The European settlement of Peel dates back to 1829 when a visionary named Thomas Peel brought three ships of migrants from England for the Peel Settlement Scheme. Peel lies between the Swan District and Perth Hills to the north and Geographe to the south. The first vines were planted in the region in 1857.
However it was not until the 1970s that more significant developments have taken place in what has been a rapidly expanding area for numerous lifestyle activities. The first commercial vineyard was established with a planting of Shiraz by Will Nairn at the Peel Estate in 1974. While most other varieties have also now been established, Shiraz remains the flagship variety for the region. The Peel region has also recently become home to some of Western Australia’s premium local produce providers, a great combination with the great diversity of wines and a spectacular natural backdrop.
Peel is a region 40 minutes drive south of Perth, the capital of Western Australia.
The region is currently home to several wineries.
Modern day viticulture commenced in the mid 1970s.
Peel enjoys a Mediterranean climate with cool, wet winters and hot dry summers.
Cooling coastal breezes moderate climatic extremes.
Soils range from granite and gravel soils to limestone sands and fluvial sediments.
The region has also recently become home to some of Western Australia’s premium local produce providers.
Chenin Blanc was the first variety to be planted.
Shiraz is the flagship wine of the region.
This coastal region has a Mediterranean climate with cool, wet winters and hot dry summers. Sections of the region located inland and those at higher altitudes have stronger land breezes, higher rainfall and slightly lower temperatures. The region’s lakes and dams, as well as the Indian Ocean to the west, ensure a consistent supply of cooling summer sea breezes to maintain cool temperatures for optimum grape ripening.
The eastern extension of the Peel region includes very old granite and gravel soils. These soils are totally different to the limestone sands and fluvial sediments of the coastal area, which have significant ground-water reserves three to 15 metres (49 feet) below the surface.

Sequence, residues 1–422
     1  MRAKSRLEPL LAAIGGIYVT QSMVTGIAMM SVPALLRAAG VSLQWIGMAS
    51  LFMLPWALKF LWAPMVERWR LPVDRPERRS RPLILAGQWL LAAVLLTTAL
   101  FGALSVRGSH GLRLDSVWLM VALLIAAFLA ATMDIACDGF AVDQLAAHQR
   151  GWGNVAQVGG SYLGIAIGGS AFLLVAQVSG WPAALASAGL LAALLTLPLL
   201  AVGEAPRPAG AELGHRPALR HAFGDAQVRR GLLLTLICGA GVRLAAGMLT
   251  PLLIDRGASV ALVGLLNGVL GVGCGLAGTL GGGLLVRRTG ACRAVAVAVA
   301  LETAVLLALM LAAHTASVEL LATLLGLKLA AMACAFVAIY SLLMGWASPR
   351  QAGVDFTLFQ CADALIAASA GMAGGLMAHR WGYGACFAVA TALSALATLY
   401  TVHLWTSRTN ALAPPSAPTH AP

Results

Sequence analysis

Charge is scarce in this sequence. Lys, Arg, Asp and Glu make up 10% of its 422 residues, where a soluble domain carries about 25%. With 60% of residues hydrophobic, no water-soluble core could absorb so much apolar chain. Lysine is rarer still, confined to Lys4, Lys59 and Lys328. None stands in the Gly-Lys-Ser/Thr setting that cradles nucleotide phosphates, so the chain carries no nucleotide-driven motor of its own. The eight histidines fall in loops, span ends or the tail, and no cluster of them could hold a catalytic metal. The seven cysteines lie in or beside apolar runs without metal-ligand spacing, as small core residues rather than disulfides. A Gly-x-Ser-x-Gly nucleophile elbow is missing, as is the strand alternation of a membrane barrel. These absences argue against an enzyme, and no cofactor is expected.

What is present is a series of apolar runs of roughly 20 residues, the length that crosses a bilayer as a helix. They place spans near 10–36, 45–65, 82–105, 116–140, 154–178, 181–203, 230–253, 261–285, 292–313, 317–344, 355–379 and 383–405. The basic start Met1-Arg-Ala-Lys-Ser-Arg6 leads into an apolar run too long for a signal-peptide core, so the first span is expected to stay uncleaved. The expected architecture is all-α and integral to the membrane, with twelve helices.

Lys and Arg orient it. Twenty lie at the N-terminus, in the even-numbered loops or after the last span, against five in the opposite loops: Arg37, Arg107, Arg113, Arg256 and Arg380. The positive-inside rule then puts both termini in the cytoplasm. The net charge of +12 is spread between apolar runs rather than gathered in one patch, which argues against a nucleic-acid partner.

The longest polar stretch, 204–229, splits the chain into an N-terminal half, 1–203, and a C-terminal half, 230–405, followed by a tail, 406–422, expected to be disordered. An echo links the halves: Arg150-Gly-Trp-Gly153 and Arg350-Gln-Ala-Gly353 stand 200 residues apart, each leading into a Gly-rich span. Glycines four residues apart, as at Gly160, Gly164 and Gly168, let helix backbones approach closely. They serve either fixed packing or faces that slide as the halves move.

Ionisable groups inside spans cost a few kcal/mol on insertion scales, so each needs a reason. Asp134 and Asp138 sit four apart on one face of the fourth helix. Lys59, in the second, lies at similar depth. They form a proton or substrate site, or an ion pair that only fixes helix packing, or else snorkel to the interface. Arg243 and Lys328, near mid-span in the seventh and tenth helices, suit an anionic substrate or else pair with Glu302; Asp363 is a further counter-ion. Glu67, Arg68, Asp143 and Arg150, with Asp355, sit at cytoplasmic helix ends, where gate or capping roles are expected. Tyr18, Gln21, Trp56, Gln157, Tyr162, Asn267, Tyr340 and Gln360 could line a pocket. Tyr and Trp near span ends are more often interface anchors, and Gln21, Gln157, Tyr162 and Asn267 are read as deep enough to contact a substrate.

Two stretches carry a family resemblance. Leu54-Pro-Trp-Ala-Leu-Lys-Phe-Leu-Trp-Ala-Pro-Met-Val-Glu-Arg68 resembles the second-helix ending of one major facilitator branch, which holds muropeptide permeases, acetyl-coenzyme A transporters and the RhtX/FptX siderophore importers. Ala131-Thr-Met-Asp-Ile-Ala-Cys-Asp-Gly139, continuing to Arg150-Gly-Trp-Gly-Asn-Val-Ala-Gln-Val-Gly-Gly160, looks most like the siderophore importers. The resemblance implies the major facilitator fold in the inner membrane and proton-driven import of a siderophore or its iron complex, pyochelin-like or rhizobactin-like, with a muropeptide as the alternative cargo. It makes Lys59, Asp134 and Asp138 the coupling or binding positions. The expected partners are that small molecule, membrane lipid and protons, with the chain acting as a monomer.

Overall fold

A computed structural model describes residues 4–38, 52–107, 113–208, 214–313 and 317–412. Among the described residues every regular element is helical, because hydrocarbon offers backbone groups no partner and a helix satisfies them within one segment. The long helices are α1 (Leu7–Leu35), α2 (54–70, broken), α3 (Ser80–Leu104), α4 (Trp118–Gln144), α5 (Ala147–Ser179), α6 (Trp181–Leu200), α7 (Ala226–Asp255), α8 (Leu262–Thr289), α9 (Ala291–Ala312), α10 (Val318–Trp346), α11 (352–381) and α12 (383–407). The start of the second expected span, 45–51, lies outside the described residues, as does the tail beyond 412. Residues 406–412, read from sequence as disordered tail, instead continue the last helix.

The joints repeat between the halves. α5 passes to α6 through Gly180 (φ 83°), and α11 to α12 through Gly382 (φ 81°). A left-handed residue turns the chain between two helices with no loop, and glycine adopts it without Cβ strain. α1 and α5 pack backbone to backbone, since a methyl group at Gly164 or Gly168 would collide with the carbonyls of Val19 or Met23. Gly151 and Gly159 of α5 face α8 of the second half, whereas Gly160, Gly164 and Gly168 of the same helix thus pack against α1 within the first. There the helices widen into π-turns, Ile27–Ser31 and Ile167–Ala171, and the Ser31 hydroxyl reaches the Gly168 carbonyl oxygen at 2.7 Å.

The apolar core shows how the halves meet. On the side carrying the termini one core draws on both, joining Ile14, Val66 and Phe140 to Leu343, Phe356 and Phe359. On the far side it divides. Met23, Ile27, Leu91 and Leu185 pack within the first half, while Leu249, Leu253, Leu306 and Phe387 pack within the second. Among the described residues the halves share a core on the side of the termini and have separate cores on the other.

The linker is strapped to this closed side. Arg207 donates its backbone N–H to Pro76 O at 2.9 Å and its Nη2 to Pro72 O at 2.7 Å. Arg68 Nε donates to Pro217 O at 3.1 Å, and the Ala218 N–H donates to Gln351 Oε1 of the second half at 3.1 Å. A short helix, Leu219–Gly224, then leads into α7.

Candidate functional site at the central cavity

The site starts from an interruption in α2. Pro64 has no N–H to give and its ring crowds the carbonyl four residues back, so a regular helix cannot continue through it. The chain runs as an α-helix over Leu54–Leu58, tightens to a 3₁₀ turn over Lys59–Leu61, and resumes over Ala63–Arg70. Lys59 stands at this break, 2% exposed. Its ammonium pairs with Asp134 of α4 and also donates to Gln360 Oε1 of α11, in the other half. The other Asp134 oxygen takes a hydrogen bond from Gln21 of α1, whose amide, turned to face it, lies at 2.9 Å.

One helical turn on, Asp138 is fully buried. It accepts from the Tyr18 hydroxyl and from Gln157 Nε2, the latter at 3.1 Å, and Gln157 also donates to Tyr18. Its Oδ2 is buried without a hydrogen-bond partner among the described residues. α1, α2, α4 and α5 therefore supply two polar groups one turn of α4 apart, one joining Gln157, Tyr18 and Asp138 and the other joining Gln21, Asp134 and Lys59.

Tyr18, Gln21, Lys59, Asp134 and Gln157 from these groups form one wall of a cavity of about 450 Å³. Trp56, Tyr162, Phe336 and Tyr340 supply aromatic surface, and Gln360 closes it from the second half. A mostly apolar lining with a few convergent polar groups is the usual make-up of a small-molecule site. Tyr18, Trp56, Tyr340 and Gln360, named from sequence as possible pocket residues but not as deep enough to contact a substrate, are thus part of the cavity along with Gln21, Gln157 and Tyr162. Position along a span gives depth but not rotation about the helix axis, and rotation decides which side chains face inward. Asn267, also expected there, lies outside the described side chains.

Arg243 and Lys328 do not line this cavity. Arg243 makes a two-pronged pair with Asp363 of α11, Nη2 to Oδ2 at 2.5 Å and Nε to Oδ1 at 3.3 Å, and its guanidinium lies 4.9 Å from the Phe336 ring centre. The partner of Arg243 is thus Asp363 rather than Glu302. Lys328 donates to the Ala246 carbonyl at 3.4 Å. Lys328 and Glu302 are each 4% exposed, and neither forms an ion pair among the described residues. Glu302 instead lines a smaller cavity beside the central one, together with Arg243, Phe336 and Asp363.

Chenin Blanc: This was the first white grape to be planted in Peel. The wine is produced with or without oak and gains character and depth with short to medium-term cellaring.
Chardonnay: Planted in most of the localities throughout the region, this wine attests to the versatility of the variety. Character notes range from melon and stone fruit to rich and buttery.
Cabernet Sauvignon: Planted in many parts and producing a medium-bodied wine, Cabernet is slightly firmer when grown inland at higher elevations.
Shiraz: Not only the longest established in the region, the Shiraz is arguably the most successful variety, particularly around the Peel Estate. Overall, the style is medium-bodied with sweet, fine, ripe tannins.
Map Coordinates: 32°31'S
Altitude: 5-290 metres (16-951 feet)
Heat degree days, October - April: 2300-2350 (cut off at 19ºC (66.2ºF) but otherwise not adjusted
Growing season rainfall, October - April: 160-280 millimetres (6.2-11 inches)
Mean January temperature: 22-23°C (72-73°F)
Relative humidity, October - April, 3 pm: Average 49%
Harvest: Mid February - Mid March
Will Nairn, Proprietor, Peel Estate, Western Australia:
In 1973, Will Nairn decided to convert his Lucerne farm into a vineyard. At this stage there were very few vineyards, even in Margaret River, but with his passion for a great Shiraz, an ideal climate for growing grapes and soil to match, Will decided to take a chance.
“The limestone soils, which are consistent with the coastal area of the Peel region, produce grapes with naturally high acid, enabling greater ripening of grapes before harvest to produce rich fruit intense wines. The warm daytime temperatures with the cooling afternoon sea breeze ensure best climatic conditions for the varieties planted,” Will says.
“The Shiraz, Peel Estate’s flagship wine, is supple with small red berry fruits mixed with pepper and spice. Being quite consistent from year to year it is often at its peak at 12 years of age and beyond. Characteristic of the Shiraz from this region, there is also chalkiness on the palate which is attributed to the limestone soils. Other wines such as the wood-matured Chenin Blanc, Chardonnay and Cabernet Sauvignon are also rated highly for their structure, fruit, complexity and ability to age gracefully for eight or more years.
“Another variety predicted to reach great heights in the Peel region is Verdelho, with Peel Estate's showing fantastic tropical fruit flavours and lovely fresh crisp acidity.”